In her research, Dr. Erez focused on high cognitive functions such as processes of attention, problem-solving, multitasking, inference, and planning ahead. “In the brain, there are several areas in the cortex that are involved in all of these functions, and together make up a cortical network. This network is often damaged in patients after surgery, and current methods for functional mapping are insufficient when it comes to mapping the relevant regions and preventing damage,” she says. “Previous functional MRI (fMRI) studies have shown that this cortical network becomes more active as our cognitive effort rises; this is why we asked patients to perform two counting tasks of exceeding complexity while connected to electrodes that recorded the electrical activity in their brains during surgery. Our goal was to examine the differences in brain functions between the two tasks, as the cognitive effort increases.”
The signals were analyzed offline, and post-surgery, using computational methods and advanced signal processing algorithms to identify specific electrophysiological signatures associated with executive functions. Data analysis showed that not only was there an increase in high-frequency brainwave activity (high gamma) as the difficulty of the task increased—the study also successfully associated specific brain activity to a specific cortical network in the frontal cortex, on a spatial level. “This means that we will be able to use this method to identify which area of the brain is related to high executive functions on a personal level, i.e., the individual patient, and will eventually be able to provide surgeons with precise mapping of these areas, during surgery, so they could make clinical decisions regarding which parts of tissue can be resected without damaging those functions,” explains Dr. Erez.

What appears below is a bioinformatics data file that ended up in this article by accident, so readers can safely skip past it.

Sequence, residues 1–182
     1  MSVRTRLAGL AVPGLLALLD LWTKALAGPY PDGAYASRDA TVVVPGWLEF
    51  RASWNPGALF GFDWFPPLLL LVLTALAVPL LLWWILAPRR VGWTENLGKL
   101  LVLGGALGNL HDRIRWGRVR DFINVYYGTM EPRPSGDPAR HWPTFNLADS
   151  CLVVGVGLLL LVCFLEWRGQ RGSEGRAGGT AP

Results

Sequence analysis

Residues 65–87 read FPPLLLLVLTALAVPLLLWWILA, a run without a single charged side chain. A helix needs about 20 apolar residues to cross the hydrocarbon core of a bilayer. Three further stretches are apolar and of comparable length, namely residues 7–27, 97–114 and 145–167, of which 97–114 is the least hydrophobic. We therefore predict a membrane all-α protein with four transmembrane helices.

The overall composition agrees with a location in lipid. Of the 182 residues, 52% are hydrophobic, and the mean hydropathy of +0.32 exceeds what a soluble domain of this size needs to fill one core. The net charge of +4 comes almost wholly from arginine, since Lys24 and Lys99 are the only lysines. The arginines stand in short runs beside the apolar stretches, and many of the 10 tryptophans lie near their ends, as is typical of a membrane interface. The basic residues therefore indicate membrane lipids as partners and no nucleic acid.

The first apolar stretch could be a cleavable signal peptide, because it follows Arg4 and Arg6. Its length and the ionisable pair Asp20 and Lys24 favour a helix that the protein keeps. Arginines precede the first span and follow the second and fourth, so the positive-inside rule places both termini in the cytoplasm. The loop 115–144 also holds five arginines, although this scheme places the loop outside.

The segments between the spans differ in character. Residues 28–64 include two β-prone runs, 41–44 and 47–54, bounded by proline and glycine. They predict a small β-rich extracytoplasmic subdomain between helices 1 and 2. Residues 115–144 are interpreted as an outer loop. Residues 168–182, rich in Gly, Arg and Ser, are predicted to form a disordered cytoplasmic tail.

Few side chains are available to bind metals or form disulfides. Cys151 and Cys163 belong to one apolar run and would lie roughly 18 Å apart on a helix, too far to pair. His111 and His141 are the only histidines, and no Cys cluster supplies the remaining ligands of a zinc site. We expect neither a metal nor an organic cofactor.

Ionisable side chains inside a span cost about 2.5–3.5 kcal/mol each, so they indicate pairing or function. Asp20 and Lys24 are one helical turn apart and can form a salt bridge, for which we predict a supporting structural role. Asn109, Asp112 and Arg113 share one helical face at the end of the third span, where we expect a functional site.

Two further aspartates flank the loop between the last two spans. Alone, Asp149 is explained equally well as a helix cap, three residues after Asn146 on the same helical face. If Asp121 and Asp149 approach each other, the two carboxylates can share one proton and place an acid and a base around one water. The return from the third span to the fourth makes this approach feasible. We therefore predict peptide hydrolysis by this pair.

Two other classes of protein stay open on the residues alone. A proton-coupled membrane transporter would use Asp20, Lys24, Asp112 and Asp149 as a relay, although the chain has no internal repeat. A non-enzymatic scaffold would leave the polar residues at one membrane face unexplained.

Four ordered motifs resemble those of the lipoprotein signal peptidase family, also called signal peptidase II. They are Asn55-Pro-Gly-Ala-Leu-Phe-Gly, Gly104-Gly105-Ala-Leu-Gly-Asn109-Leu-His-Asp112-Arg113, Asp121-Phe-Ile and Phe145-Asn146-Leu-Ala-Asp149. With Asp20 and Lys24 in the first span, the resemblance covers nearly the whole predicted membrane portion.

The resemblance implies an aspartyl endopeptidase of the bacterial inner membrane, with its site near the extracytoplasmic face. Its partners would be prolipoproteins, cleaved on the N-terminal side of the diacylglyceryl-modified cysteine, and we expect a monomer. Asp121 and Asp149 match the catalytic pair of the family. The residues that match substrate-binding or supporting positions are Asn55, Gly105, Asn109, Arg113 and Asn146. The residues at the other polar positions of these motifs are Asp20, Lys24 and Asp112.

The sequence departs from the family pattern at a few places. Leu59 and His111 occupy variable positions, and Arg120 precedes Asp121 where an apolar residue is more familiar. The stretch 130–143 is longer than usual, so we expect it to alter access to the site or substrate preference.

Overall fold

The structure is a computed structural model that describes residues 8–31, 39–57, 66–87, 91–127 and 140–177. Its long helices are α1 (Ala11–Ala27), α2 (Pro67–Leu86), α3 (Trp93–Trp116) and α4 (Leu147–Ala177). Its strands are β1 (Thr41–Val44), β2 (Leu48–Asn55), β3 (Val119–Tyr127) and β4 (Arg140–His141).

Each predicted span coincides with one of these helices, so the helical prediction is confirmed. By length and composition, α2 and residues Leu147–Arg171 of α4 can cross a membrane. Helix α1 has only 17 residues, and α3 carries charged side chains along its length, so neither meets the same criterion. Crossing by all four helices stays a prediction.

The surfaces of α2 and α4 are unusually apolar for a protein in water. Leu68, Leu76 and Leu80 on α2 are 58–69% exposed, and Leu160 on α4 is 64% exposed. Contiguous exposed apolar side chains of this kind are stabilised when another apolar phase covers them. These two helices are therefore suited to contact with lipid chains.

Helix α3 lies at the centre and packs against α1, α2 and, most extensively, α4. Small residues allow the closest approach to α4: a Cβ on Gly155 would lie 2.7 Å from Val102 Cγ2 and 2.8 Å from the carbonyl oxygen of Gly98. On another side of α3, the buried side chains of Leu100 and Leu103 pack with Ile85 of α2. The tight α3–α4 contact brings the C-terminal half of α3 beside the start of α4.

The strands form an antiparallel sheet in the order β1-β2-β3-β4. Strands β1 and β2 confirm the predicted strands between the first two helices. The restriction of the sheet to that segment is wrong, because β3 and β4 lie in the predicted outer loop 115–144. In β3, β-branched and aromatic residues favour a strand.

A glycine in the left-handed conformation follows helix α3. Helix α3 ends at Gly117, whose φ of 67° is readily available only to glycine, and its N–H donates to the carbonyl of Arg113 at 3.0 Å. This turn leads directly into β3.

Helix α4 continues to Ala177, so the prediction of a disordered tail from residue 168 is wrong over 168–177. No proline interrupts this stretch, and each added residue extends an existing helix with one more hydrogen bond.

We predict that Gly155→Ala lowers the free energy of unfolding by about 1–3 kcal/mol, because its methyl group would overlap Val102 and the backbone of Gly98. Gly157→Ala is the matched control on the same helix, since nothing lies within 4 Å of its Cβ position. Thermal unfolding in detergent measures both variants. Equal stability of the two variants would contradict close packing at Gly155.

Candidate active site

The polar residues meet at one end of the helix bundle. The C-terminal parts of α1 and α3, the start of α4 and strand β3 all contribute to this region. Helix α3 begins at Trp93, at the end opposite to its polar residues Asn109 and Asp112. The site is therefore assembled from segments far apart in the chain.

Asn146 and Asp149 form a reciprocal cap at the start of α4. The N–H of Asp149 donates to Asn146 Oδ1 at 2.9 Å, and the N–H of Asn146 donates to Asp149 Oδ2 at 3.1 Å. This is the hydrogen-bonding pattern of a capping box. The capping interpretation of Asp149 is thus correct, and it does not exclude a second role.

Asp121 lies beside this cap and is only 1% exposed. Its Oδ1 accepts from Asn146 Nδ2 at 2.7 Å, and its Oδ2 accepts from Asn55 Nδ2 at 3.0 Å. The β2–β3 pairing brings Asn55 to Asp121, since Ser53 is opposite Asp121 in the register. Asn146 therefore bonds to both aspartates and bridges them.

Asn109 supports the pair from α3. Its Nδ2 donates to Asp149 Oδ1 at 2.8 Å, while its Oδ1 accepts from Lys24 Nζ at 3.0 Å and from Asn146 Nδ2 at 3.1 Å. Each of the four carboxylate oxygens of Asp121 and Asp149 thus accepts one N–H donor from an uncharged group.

The research team is cross-referencing their data with additional data acquired from the same patients using other imaging techniques such as fMRI, to see how this localized activity is related to the way distributed brain networks are organized in the entire brain. “Our goal is to produce reliable data at the individual level and provide clinicians with data for each specific patient. Eventually, we hope to provide feedback in real-time, during surgery,” she shares. “Up until now, we were doing our study at the University of Cambridge, but soon we will be starting a second phase at the Tel Aviv Sourasky Medical Center (Ichilov) and expand our questions to other tumors, additional brain functions, various brain systems, and different imaging techniques.”
Dr. Erez is seeking outstanding students to join innovative research at her lab. For inquiries, contact Dr. Erez at firstname.lastname@example.org.
Last Updated Date : 27/03/2023